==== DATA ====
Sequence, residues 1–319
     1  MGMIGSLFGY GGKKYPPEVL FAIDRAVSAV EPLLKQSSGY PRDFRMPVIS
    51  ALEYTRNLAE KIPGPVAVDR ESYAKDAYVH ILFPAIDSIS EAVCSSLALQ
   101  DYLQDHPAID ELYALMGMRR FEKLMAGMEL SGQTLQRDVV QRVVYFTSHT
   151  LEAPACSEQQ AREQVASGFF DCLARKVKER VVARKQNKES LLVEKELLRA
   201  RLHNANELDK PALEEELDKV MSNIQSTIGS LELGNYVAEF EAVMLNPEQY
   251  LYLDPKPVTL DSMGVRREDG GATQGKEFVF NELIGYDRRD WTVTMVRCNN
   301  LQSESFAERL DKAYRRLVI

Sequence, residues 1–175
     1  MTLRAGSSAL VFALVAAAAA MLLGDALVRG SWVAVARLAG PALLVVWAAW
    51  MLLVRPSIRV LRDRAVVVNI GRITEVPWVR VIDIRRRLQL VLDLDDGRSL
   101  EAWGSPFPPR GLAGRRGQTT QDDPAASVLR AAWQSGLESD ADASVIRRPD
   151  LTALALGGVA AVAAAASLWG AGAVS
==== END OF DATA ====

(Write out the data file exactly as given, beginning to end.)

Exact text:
Sequence, residues 1–319
     1  MGMIGSLFGY GGKKYPPEVL FAIDRAVSAV EPLLKQSSGY PRDFRMPVIS
    51  ALEYTRNLAE KIPGPVAVDR ESYAKDAYVH ILFPAIDSIS EAVCSSLALQ
   101  DYLQDHPAID ELYALMGMRR FEKLMAGMEL SGQTLQRDVV QRVVYFTSHT
   151  LEAPACSEQQ AREQVASGFF DCLARKVKER VVARKQNKES LLVEKELLRA
   201  RLHNANELDK PALEEELDKV MSNIQSTIGS LELGNYVAEF EAVMLNPEQY
   251  LYLDPKPVTL DSMGVRREDG GATQGKEFVF NELIGYDRRD WTVTMVRCNN
   301  LQSESFAERL DKAYRRLVI

Sequence, residues 1–175
     1  MTLRAGSSAL VFALVAAAAA MLLGDALVRG SWVAVARLAG PALLVVWAAW
    51  MLLVRPSIRV LRDRAVVVNI GRITEVPWVR VIDIRRRLQL VLDLDDGRSL
   101  EAWGSPFPPR GLAGRRGQTT QDDPAASVLR AAWQSGLESD ADASVIRRPD
   151  LTALALGGVA AVAAAASLWG AGAVS